The Case for Emerging Markets

Economy and Investing, TheLiveBigWay DigestPosted on January 20th, 2012No Comments

When we examine sources of risk and return in the market, we conclude, among other things, that there is no systematic return associated with geographic allocation.  One of the practical results of this conclusion is that we always aim to be “geographically neutral” when assembling a global portfolio.  So, while we may dial up our exposure to small cap and value stocks, taking them well beyond their relative share of the overall market, we allocate across countries and regions in a manner that is proportional to their share of the world stock market.  For example, with the value of the US market representing 47% of the value of the world stock market, we allocate half of our portfolio to US stocks (so, not EXACTLY neutral, since we allocate 50% rather than 47%, but close).  The one exception to this principle has been emerging market stocks, which are significantly underweighted in our equity portfolios.  Our reasoning for doing this has been that stock markets in emerging economies lacked the transparency and efficiency found in more developed markets, and that the depth and breadth of tradable securities was insufficient for the level of diversification we seek. While this situation has been steadily improving, valuations in recent years have also become very high, which left us hesitant to dive in to what appeared to be an overheated sector. Having said that, several factors now lead us to believe that the time has arrived to incorporate a larger share of emerging market equities into our portfolios.

Current and Future Market Share

As a consequence of rapid and accelerating growth among the major emerging economies, their share of the world stock market has grown to 12%, a proportion that is becoming too large to ignore.

And it’s not just the current share that emerging stock markets have attained that demands attention, it’s their trajectory.  As an example, consider four of the most prominent emerging markets, Brazil, Russia, India, and China, collectively referred to as the BRIC countries.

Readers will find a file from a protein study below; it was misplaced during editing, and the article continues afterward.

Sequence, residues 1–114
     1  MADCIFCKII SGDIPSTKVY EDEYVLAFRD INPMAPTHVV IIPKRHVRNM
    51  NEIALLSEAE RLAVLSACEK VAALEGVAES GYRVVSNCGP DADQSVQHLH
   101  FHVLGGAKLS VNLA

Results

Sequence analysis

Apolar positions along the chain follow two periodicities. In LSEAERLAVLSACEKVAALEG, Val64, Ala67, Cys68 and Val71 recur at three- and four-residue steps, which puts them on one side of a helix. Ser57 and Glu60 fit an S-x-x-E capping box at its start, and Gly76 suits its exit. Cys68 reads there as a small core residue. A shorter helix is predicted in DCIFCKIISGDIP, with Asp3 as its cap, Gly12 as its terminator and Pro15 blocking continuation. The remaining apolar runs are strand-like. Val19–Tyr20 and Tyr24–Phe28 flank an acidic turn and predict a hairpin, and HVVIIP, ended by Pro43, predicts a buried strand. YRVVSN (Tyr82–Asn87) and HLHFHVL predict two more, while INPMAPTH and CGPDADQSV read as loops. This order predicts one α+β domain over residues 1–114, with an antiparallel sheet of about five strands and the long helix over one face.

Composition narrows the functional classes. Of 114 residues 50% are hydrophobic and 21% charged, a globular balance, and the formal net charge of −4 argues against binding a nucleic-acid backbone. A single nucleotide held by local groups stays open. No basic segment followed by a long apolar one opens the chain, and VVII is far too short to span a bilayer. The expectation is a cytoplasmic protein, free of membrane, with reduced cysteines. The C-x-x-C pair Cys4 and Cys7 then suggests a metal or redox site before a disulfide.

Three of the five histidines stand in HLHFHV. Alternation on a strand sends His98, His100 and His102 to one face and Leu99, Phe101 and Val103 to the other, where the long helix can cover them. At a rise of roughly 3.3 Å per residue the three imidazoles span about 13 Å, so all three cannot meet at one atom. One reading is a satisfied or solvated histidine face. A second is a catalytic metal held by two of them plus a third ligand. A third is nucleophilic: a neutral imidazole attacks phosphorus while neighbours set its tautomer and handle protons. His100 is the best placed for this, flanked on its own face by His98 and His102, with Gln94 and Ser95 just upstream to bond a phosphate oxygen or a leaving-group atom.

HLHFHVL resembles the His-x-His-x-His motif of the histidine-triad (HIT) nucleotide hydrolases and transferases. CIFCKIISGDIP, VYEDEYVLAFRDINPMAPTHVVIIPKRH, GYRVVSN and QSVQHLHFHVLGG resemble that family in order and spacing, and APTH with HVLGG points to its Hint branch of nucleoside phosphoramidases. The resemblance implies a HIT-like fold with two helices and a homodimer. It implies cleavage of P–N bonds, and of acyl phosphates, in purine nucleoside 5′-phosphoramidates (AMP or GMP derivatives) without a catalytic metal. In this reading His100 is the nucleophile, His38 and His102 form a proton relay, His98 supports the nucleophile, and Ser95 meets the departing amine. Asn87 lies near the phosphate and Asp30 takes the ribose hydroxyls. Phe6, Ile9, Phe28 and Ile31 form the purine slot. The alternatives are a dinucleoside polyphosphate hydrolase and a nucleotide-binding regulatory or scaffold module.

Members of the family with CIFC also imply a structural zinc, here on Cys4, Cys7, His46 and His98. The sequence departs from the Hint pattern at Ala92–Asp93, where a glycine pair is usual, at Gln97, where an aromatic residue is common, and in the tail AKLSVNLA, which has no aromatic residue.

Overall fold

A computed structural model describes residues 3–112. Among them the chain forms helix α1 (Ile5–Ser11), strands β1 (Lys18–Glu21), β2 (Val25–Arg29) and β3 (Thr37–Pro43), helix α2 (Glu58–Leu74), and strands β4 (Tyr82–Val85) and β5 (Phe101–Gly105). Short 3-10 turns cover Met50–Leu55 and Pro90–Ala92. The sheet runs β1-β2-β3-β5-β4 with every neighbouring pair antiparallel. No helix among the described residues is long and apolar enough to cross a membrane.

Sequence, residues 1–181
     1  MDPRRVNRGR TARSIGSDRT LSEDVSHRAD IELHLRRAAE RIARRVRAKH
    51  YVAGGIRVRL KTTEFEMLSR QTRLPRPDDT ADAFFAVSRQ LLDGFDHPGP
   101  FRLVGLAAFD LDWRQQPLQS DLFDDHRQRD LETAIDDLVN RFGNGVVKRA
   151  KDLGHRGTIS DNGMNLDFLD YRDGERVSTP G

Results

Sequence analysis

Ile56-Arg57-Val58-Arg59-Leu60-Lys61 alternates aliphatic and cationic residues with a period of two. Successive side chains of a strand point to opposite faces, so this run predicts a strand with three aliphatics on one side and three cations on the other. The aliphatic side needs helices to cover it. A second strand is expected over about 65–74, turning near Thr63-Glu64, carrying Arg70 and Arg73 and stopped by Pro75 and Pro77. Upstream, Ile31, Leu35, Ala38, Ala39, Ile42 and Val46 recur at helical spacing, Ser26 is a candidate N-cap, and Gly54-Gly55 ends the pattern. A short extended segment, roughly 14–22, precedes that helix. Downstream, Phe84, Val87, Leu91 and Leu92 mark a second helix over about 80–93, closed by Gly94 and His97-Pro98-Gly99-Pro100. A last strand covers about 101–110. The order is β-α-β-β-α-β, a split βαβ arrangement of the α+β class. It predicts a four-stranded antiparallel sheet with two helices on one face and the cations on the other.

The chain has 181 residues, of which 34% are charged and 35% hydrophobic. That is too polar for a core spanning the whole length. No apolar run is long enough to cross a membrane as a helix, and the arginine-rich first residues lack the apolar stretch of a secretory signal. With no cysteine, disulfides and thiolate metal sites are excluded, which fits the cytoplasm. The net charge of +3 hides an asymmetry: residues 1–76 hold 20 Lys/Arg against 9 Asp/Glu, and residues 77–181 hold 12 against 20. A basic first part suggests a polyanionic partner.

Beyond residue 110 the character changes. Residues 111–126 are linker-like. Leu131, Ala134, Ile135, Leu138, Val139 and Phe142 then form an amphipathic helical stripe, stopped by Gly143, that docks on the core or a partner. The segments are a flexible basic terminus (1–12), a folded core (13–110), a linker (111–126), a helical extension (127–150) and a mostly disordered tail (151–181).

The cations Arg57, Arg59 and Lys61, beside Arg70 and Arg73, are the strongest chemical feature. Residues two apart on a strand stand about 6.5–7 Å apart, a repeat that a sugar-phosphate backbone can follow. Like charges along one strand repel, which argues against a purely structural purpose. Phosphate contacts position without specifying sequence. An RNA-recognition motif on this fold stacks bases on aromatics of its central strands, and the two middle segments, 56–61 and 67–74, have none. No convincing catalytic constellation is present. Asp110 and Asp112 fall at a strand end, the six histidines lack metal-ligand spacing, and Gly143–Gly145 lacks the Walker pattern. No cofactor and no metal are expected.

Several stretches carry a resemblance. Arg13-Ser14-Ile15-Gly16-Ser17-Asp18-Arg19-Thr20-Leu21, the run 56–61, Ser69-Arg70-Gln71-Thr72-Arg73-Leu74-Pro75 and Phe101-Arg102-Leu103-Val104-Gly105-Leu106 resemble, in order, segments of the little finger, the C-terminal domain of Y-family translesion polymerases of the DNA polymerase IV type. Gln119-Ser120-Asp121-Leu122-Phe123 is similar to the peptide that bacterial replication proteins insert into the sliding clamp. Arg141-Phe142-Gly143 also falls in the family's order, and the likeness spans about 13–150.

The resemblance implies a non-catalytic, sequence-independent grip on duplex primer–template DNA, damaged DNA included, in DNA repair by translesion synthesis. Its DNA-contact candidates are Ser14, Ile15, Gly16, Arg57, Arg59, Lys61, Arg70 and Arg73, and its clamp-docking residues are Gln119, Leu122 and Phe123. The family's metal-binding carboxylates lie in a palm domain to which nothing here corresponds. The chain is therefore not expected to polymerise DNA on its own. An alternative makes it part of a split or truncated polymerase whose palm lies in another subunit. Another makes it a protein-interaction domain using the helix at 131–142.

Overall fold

Together, these four countries represent 25% of the world’s land mass and 40% of the world’s population.  Most importantly for this discussion, they are also among the world’s fastest growing economies. In fact, a recent paper by Goldman Sachs predicted that the BRICs will account for 41% of world market capitalization by 2030.   This segment of the global stock market is therefore becoming ever harder to ignore and the question becomes less about  “if” we should expand our exposure and more about “when.”  The events of the past year would seem to have answered that latter question by presenting us with what appears to be an attractive entry point.  Here’s a summary of returns by market segment and region for the past year and prior years:

While all non-US stock markets had double-digit losses in dollar terms, the emerging market losses were the deepest, creating what we hope is a “reasonable” entry point.

As far as how we will integrate more emerging market exposure in our portfolios, we have decided to replace the Wisdom Tree International Mid-Cap Value fund with the DFA Emerging Market “Core” Portfolio (see below).

This will effectively raise the emerging market share of our stock portfolios to 8%, with the DFA Emerging Market Core Portfolio receiving a 7% allocation and the other 1% coming from the Vanguard Total International Stock Index fund, 1/10 of which is devoted to emerging markets (this is before accounting for the bond allocations).  While 8% will still underweight emerging markets compared to their current 12% of the world stock market, we feel it’s a prudent step in the right direction. And since we’ve been focusing on the BRIC countries, it’s worth noting that 42% of the new DFA portfolio is devoted to the BRICs.

To construct this fund’s portfolio, DFA starts with the total stock market across 20 emerging markets.  They then dial up the share of small company stocks relative to large company and value stocks relative to growth. The first chart below shows the neutral market weighting of size and value categories in these markets while the second chart shows how DFA weights those same size and value categories within the portfolio.

You can readily see the significant tilt toward mid-cap, small-cap, and value stocks in the DFA portfolio relative to the neutral market weighting for these factors.  This kind of tilt toward small cap and value stocks is also present in our portfolios as a whole.

We will be implementing this change in all client portfolios by the end of January.

Dave Yeske

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